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Bruton v. Tearle

Court of Appeal of California, First District, Division Two
Oct 28, 1931
117 Cal.App. 696 (Cal. Ct. App. 1931)

Summary

In Bruton v. Tearle, 117 Cal.App. 696, 4 P.2d 623, the California court holds: that where a New York court entered judgment for divorce and alimony, and there were accrued and unpaid installments of alimony under the judgment, the judgment of the New York court was a final judgment within the full faith and credit clause of the United States Constitution, and that the New York court "cannot annul or modify its alimony order as to accrued and unpaid installments, which represent vested right enforcible like any final judgment as respects the effect in another state.

Summary of this case from Weldy v. Weldy

Opinion

Docket No. 7802.

October 28, 1931.

APPEAL from a judgment of the Superior Court of the City and County of San Francisco. J.J. Trabucco, Judge Presiding. Affirmed.

The facts are stated in the opinion of the court.

John G. Jury and William J. Brennan for Appellant.

Marcel E. Cerf and Henry Robinson for Respondent.


This is a suit by Josephine Park Tearle for the sum of $9,932.50 admitted to be unpaid alimony awarded her under a decree of divorce in New York.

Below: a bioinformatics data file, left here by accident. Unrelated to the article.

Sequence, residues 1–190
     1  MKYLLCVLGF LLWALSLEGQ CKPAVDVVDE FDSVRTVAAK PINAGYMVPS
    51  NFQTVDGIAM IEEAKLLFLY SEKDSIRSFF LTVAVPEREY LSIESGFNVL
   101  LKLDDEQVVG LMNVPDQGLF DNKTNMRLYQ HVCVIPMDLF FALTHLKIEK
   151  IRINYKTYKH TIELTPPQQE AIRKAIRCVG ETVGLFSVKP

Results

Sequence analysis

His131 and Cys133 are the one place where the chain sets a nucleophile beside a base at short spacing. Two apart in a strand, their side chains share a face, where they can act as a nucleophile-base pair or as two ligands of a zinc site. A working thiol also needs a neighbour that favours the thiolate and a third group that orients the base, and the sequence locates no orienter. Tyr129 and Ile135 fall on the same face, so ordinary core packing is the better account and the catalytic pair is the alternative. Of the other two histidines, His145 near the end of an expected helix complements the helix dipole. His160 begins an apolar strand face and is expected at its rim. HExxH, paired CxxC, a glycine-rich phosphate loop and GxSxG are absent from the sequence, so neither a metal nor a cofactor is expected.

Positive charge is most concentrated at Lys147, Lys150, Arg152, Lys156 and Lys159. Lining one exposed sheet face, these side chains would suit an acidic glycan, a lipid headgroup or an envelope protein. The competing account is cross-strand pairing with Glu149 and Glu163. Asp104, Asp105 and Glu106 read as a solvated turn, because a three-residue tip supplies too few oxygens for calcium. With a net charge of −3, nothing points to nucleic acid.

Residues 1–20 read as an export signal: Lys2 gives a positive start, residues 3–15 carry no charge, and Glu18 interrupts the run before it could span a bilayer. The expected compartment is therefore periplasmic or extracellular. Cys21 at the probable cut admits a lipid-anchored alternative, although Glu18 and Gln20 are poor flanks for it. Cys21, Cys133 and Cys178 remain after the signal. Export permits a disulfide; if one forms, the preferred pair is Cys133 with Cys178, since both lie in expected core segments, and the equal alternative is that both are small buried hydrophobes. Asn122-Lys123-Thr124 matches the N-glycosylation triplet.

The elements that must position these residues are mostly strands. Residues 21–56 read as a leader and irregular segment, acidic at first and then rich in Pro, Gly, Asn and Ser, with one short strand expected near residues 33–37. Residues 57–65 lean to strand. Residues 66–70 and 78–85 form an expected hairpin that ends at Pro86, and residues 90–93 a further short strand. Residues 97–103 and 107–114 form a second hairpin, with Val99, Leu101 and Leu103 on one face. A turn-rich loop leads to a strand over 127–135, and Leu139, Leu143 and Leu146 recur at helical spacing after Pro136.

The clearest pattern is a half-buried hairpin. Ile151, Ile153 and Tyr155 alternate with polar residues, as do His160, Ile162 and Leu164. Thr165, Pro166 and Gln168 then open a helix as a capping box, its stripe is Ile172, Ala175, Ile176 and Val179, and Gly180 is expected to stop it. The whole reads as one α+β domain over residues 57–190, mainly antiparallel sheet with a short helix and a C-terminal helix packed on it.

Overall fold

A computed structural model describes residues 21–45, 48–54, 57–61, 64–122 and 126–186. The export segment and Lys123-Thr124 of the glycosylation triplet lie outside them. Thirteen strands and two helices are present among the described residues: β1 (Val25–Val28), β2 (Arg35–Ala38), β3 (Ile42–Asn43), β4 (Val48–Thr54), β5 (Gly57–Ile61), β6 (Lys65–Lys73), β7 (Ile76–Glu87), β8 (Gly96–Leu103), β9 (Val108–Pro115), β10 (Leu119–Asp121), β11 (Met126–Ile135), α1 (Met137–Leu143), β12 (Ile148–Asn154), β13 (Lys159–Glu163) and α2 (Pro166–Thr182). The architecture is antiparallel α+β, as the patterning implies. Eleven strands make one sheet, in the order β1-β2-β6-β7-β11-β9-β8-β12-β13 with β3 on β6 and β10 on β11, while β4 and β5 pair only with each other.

The cause was tried by the court sitting without a jury upon an agreed statement of facts. Judgment was ordered for the plaintiff and defendant appeals upon typewritten transcripts. Pending the appeal Mrs. Tearle died and her administrator has been duly substituted in her stead. We may continue to refer to her herein as the plaintiff in the action. Plaintiff obtained a decree of divorce from defendant in the state of New York on November 21, 1912, wherein plaintiff was awarded alimony in the sum of $25 each week thereafter; on May 9, 1921, plaintiff obtained a second judgment in the form of a modification of the decree wherein she was awarded $75 each week thereafter; on March 21, 1928, plaintiff obtained a third judgment in the same form in which she was awarded the sum of $100 each week thereafter. The record discloses no modification and no proceeding to modify any one of these judgments. The trial court found that "there is now accrued, due, owing and unpaid" under said judgments $9,932.50, and that under the laws of the state of New York such judgments were not subject to modification as to accrued and past due installments.

[1] Defendant and appellant contends that the judgments are not final under the laws of New York as to accrued and unpaid payments thereunder because the court which rendered those judgments had the power to modify them at any time, and that only a final judgment is within the full faith and credit clause of the federal Constitution.